The apex court’s ultimatum worked.
The police presented before a three-judge bench of the Supreme Court at the Quetta registry four of the seven missing persons from the Marri tribe following days of denial.
On Thursday, the bench, headed by Chief Justice Iftikhar Muhammad Chaudhry ordered the police to recover the missing men within 24 hours, or else top police officials, including the Balochistan police chief, would be suspended.
The seven men were picked up from Quetta’s Sariab Road neighbourhood on March 1. They were listed as missing ever since.
The bench was hearing a petition on the volatile security situation and human rights violations in Balochistan.
Earlier, Justice Chaudhry had suspended the station house officer of New Saryab, Noor Bakhsh Mengal, over his ‘false’ statement about the case.
The men Quetta police produced before the apex court on Friday were: Hazar Khan, Mazar Khan, Malik Sher and Javed Marri,
The daughter of Balakh Sher Marri, a Marri tribesman who is still missing along with his two relatives, told journalists that the four men produced before the court were kept in a dark room with masks on. She added the missing men were students from the restive Kohlu district.
The apex court ordered that if any more people go missing, police officers of concerned police stations, including SHOs, be suspended.
Ironically, while the Supreme Court bench is hearing the rights violation case, police on Friday found two mutilated bodies dumped in the Kanak area of Mastung district.
The fresh grisly discovery angered the chief justice.
“There is no difference between human beings and animals in Balochistan, where mutilated bodies are being discovered on a daily basis. I think I should stay in Quetta for a month,” Justice Chaudhry remarked.
Maj-Gen Ubaidullah Khan Khattak, the inspector general of the Frontier Corps, also appeared before the court and categorically rejected the murder charges against his force.
“During the Balochistan Assembly proceedings, PPP MPA Sadiq Umrani accused the FC of kidnapping and killing two persons near Kalat and Mastung. It is a serious allegation and the MPA was accompanied by two ministers when this incident took place and they cannot lie on the floor of the house,” Justice Chaudhry said.
A young woman informed the bench that her brother and his two friends were picked up ‘by government functionaries’ from Killi Ismail neighbourhood of Quetta on April 3.
The bench directed Jinnah Town’s superintendent of police to ensure the safe recovery of these missing persons by April 10.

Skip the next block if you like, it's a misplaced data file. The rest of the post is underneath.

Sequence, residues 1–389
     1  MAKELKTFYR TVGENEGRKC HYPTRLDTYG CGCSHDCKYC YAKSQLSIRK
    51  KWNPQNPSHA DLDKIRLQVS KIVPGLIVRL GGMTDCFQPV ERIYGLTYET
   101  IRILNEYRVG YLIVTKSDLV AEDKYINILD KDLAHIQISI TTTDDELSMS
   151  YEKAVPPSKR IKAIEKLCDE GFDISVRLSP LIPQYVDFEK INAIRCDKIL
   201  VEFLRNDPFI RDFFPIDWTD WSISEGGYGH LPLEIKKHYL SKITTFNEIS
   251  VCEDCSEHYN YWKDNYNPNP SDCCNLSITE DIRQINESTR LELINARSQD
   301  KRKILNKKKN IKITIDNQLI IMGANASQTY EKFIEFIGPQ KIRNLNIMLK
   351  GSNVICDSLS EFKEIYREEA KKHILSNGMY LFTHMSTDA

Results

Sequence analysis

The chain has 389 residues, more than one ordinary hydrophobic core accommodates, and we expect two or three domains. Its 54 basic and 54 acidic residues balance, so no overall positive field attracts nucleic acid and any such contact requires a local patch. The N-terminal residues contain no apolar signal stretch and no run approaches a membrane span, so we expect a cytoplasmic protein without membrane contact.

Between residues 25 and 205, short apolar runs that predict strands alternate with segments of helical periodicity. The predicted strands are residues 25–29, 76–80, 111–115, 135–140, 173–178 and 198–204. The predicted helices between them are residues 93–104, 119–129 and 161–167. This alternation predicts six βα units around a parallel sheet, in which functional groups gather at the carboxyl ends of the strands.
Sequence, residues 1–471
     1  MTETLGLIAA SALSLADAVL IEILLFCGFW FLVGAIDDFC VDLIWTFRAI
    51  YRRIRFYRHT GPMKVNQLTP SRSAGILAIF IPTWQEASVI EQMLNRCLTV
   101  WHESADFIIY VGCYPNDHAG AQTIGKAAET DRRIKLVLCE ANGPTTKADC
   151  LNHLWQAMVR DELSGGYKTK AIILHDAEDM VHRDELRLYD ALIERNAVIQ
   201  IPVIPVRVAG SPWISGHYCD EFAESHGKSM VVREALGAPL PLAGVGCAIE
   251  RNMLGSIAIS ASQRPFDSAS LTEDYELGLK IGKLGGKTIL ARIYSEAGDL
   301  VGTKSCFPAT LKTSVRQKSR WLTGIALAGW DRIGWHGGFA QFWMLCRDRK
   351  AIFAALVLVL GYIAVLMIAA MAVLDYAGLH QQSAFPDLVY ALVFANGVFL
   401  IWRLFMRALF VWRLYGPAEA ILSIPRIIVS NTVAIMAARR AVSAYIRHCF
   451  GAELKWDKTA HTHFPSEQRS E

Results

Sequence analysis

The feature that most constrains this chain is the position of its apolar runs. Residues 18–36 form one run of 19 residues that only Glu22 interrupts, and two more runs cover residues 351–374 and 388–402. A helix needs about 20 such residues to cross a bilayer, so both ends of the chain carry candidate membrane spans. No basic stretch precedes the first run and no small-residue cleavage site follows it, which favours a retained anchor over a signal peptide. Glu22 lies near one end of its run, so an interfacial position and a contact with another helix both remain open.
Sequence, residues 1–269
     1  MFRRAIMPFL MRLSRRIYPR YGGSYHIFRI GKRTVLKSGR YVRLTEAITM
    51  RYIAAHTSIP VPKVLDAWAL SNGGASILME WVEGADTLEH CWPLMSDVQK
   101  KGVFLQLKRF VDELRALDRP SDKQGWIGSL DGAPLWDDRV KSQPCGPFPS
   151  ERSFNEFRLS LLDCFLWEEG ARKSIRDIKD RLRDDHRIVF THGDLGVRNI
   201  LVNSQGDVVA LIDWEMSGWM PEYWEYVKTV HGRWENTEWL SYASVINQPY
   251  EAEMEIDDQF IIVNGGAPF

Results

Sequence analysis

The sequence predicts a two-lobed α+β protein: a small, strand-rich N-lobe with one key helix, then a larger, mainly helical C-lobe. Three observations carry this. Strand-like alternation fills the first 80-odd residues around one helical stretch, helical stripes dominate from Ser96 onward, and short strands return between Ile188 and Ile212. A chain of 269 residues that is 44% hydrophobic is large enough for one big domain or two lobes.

“The court will register an FIR under 302 against the SP concerned if even one of the three missing persons is found dead,” Justice Khilji Arif Hussain told the police.
The provincial home secretary informed the court that as many as 1,056 people, including 227 personnel of the Frontier Corps (FC) and 196 policemen, have been killed in Balochistan since 2009. Another 250 people were killed in targeted attacks.
“This high figure reflects the failure of the government and its functionaries,” Chief Chaudhry said angrily. “Crimes are rising and there is no one to check them and protect the rights of the common man. Crime will continue to rise unless the government restores its writ.”
The hearing was adjourned till April 12. The next hearing will be in Islamabad. The apex court will hold another hearing in Quetta on April 30.
Bakhtiar Domki case
In the case involving the murder of MPA Bakhtyar Domki’s wife and daughter, the bench summoned the Sindh police chief and directed him inform the bench about the progress in the case.
The judges reacted angrily when they were informed that the investigation officer has gone abroad and the case has been handed over to another officer. How did the investigation officer go to the United States for training without informing the court? the asked the bench.
The court observed that it was an important case having a direct impact on the Balochistan situation. The court then summoned the inspector general of Sindh police at next hearing.
Published in The Express Tribune, April 7th, 2012.
Comments are moderated and generally will be posted if they are on-topic and not abusive.
For more information, please see our Comments FAQ